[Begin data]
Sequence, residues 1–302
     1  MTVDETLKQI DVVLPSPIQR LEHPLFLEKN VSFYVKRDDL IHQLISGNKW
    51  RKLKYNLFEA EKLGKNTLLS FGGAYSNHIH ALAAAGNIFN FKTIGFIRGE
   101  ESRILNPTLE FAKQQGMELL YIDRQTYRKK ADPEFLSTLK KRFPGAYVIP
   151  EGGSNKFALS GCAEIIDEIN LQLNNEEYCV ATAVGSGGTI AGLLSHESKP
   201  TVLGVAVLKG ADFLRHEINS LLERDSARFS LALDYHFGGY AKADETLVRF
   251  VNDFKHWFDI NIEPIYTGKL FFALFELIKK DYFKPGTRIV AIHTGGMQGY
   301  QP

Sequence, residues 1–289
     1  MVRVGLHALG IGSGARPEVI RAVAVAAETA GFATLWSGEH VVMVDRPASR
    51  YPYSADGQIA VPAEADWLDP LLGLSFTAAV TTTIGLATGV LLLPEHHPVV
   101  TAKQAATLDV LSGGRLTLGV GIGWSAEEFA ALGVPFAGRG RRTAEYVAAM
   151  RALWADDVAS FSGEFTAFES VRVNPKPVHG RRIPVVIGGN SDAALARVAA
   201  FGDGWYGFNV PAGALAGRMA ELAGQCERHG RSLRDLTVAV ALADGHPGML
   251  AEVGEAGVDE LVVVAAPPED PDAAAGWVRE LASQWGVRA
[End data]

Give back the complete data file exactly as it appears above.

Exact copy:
Sequence, residues 1–302
     1  MTVDETLKQI DVVLPSPIQR LEHPLFLEKN VSFYVKRDDL IHQLISGNKW
    51  RKLKYNLFEA EKLGKNTLLS FGGAYSNHIH ALAAAGNIFN FKTIGFIRGE
   101  ESRILNPTLE FAKQQGMELL YIDRQTYRKK ADPEFLSTLK KRFPGAYVIP
   151  EGGSNKFALS GCAEIIDEIN LQLNNEEYCV ATAVGSGGTI AGLLSHESKP
   201  TVLGVAVLKG ADFLRHEINS LLERDSARFS LALDYHFGGY AKADETLVRF
   251  VNDFKHWFDI NIEPIYTGKL FFALFELIKK DYFKPGTRIV AIHTGGMQGY
   301  QP

Sequence, residues 1–289
     1  MVRVGLHALG IGSGARPEVI RAVAVAAETA GFATLWSGEH VVMVDRPASR
    51  YPYSADGQIA VPAEADWLDP LLGLSFTAAV TTTIGLATGV LLLPEHHPVV
   101  TAKQAATLDV LSGGRLTLGV GIGWSAEEFA ALGVPFAGRG RRTAEYVAAM
   151  RALWADDVAS FSGEFTAFES VRVNPKPVHG RRIPVVIGGN SDAALARVAA
   201  FGDGWYGFNV PAGALAGRMA ELAGQCERHG RSLRDLTVAV ALADGHPGML
   251  AEVGEAGVDE LVVVAAPPED PDAAAGWVRE LASQWGVRA